A calendar is a system of measuring the passage of time for the purpose of recording historic events and arranging future plans. Units of time are defined by three different types of motion: a day is one rotation of Earth around its axis; a month is one revolution of the Moon around Earth; and a year is one revolution of Earth around the Sun. The year is the most important time unit in most calendars, since the cycle of seasons repeat in a yearly cycle as Earth revolves around the Sun.
Making a yearly calendar, however, is no simple task because these periods of time do not divide evenly into one another. For instance, the Moon completes its orbit around Earth (a lunar month) in 29.5 days. A lunar year (12 lunar months) equals 365 days, 8 hours, and 48 minutes. A solar year (time it takes Earth to complete its orbit around the Sun) is 365.242199 days, or 365 days, 5 hours, 48 minutes, and 46 seconds. The calendar we currently use is adjusted to account for the extra fraction of a day in each year.
Development of the present-day calendar
The official calendar currently used worldwide is the Gregorian calendar. The ancient Egyptians adopted a 365-day calendar sometime between 4000 and 3000 B.C. The first major improvement to that 365-day calendar was made by Roman dictator Julius Caesar (100–44 B.C. ) in 46 B.C. With the help of Greek astronomer Sosigenes, Caesar developed a calendar divided into 12 months of 30 and 31 days, with the exception of 29 days in February. In this new Julian calendar (named after Caesar), an extra day, or leap day, was added to every fourth year to account for the 365.25-day solar year.
The Julian calendar, however, was still off by 11 minutes and 14 seconds each year. Over 300 years, this difference added up to just over 3 days. By the mid-1500s, the Julian calendar was another 10 days ahead of Earth's natural yearly cycle.
To adjust this calendar to line up with the seasons, Pope Gregory XIII (1502–1585) introduced another change in 1582. He first ordered that 10 days be cut from the current year, so that October 4, 1582, was followed by October 15, 1582. He then devised a system whereby three days are dropped every four centuries. Under the original Julian calendar, every century year (200, 300, 400, etc.) was a leap year. In the new calendar, named the Gregorian calendar, only those century years divisible by 400 (800, 1200, 1600, etc.) are leap years.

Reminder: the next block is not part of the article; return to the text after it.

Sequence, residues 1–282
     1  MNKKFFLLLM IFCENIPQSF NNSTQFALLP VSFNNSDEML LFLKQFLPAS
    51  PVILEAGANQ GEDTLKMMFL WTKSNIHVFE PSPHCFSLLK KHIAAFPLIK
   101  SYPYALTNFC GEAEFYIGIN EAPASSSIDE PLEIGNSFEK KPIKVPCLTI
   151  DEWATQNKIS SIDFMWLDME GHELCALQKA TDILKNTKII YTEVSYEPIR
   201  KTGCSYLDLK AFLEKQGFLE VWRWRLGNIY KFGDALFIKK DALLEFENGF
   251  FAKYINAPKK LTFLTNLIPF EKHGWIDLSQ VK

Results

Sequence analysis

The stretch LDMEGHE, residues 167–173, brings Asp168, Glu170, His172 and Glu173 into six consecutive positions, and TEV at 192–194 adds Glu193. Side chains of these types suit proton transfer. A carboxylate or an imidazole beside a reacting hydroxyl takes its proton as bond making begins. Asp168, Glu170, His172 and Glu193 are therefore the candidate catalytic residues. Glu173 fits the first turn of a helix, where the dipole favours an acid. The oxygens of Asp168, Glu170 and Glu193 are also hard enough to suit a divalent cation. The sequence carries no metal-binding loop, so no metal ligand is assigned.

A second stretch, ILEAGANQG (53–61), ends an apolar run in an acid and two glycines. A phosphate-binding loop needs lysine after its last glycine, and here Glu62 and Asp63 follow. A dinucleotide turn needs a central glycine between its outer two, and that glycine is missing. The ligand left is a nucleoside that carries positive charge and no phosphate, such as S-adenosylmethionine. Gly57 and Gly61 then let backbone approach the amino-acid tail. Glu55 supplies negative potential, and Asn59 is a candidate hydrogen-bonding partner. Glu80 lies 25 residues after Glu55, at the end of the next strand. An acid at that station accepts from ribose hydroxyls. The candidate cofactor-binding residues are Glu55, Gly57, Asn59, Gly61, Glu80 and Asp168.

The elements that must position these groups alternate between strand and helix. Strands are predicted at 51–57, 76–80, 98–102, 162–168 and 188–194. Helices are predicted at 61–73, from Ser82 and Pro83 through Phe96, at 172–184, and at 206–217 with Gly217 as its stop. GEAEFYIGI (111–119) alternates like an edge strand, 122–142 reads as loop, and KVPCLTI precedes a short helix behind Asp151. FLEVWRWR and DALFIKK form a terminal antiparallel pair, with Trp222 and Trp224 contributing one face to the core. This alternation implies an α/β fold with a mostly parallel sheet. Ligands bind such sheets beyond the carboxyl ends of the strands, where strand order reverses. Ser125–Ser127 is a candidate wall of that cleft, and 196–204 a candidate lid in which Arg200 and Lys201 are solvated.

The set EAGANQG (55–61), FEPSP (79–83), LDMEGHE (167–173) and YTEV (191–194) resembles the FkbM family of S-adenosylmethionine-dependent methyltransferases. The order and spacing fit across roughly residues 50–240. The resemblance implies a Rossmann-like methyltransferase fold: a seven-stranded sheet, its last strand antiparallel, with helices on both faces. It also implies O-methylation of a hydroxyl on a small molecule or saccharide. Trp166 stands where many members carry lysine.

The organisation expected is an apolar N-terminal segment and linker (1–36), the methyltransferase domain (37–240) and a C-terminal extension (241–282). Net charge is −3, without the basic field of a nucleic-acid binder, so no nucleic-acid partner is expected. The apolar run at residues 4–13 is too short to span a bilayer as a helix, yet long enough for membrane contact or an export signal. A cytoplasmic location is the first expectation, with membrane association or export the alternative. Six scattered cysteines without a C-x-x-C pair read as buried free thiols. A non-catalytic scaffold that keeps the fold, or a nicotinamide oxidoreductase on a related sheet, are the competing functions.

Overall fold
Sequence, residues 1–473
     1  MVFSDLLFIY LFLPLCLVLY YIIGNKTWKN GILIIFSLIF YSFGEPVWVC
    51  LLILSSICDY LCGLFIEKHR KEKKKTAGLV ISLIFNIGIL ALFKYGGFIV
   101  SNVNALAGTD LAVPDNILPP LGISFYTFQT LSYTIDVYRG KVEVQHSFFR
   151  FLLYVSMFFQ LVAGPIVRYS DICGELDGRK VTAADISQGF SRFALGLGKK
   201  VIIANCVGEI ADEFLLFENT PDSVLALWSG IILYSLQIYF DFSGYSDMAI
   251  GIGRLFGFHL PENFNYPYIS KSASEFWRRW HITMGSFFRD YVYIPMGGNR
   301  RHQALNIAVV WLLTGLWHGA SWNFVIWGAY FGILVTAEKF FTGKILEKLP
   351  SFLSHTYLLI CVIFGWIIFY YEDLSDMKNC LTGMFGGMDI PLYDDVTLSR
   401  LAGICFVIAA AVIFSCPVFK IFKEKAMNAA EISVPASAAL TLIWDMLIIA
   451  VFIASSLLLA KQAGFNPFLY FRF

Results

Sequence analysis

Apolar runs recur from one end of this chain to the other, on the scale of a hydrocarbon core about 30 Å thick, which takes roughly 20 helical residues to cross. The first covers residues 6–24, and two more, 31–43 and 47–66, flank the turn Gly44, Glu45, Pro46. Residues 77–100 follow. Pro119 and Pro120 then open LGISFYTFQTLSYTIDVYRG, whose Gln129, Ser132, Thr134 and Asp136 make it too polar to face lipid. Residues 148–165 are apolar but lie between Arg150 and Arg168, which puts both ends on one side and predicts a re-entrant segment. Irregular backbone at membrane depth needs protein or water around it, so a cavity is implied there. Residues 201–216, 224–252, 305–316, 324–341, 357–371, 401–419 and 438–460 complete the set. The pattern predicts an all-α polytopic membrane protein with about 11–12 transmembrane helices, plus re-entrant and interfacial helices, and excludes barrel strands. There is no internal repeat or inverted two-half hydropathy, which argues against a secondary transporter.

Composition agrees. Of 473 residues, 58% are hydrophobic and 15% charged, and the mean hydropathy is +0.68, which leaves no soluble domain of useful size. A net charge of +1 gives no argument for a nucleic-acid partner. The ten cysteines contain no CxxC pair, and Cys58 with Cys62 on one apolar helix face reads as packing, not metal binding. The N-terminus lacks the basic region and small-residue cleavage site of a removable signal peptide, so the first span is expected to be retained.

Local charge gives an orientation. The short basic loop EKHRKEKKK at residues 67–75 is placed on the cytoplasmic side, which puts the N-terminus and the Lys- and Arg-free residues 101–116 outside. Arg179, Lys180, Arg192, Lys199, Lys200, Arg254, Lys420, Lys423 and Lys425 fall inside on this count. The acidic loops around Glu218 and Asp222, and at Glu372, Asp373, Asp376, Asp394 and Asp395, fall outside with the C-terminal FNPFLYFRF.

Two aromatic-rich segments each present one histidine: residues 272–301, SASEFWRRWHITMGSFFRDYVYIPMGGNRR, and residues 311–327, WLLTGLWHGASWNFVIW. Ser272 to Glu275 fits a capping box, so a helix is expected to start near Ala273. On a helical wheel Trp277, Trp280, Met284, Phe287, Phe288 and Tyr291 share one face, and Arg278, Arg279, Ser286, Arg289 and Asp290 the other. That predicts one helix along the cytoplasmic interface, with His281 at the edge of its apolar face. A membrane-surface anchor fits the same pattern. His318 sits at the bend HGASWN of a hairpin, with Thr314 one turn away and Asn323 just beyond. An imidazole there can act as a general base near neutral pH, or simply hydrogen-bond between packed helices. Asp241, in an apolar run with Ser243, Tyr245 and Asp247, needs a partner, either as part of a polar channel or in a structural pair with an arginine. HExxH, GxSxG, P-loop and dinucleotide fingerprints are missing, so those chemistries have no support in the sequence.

Although not perfect, the Gregorian calendar is accurate to within 0.000301 days (26 seconds) per year. At this rate, it will be off one day by about the year 5000.
The Jewish and Muslim calendars
The Jewish calendar is a lunisolar calendar, a combination of lunar and solar years. The calendar is 12 lunar months long, with an additional month added every few years to keep the calendar in line with the seasons. The months (with corresponding days) are Tishri (30), Marheshvan (29 or 30), Kislev (29 or 30), Tebet (29), Sebat or Shebat (30), Adar (29), Nisan (30), Iyar (29), Sivan (30), Tammuz (29), Ab (30), and Elul (29). Adar II, the extra month, is added periodically after Adar. Calendar years vary from 353 to 355 days; leap years may have 383 to 385 days. Rosh ha-Shanah, the Jewish New Year, is observed on the first day of Tishri.
The Muslim calendar is a strict lunar calendar. Calendar years vary from 354 to 355 days, with the months and seasons having no connection. The months are Muharram (30), Safar (29), First Rabia (30), Second Rabia (29), First Jumada (30), Second Jumada (29), Rajab (30), Shaban (29), Ramadan (30), Shawwal (29), Dhu-I-Kada (30), and Dhu-I-Hijja
(29 or 30). The first day of the first year of the Muslim calendar corresponds to July 16, 622, of the Gregorian calendar.
The Gregorian calendar and the third millennium
Technically, the year 2000 on the Gregorian calendar was not the beginning of the third millennium (a 1,000-year span). In actuality, it was the last year of the second millennium. When the Gregorian calendar was adopted, the transition of the years B.C. to A.D. —marking the birth of Jesus of Nazareth—did not include the year 0. The sequence runs 2 B.C. , 1 B.C. , A.D. 1, A.D. 2, etc. According to this sequence, since there is no year zero, the first year of the first millennium was A.D. 1. Thus, the first day of the third millennium was January 1, 2001.
Possible future calendar reform
Although the Gregorian calendar allows for the oddity of Earth's orbit and for the dates when Earth is closest and farthest from the Sun, the shortness of February introduces slight problems into daily life. For example, a person usually pays the same amount of rent for the 28 days of February as is paid for the 31 days of March. Also, the same date falls on different days of the week in different years. These and other examples have led to several suggestions for calendar reform.
Perhaps the best suggestion for a new calendar is the World Calendar, recommended by the Association for World Calendar Reform. This calendar is divided into four equal quarters that are 91 days (13 weeks) long. Each quarter begins on a Sunday on January 1, April 1, July 1, and October 1. These 4 months are each 31 days long; the remaining 8 months all have 30 days. The last day of the year, a World Holiday (W-Day), comes after December 30 (Saturday) and before January 1 (Sunday) of the new year. W-Day is the 365th day of ordinary years and the 366th day of leap years. The extra day in leap years would appear as a second World Holiday (Leap year or L-Day) between June 30 (Saturday) and July 1 (Sunday). The Gregorian calendar rules for ordinary, leap, century, and non-century years would remain unchanged for the foreseeable future.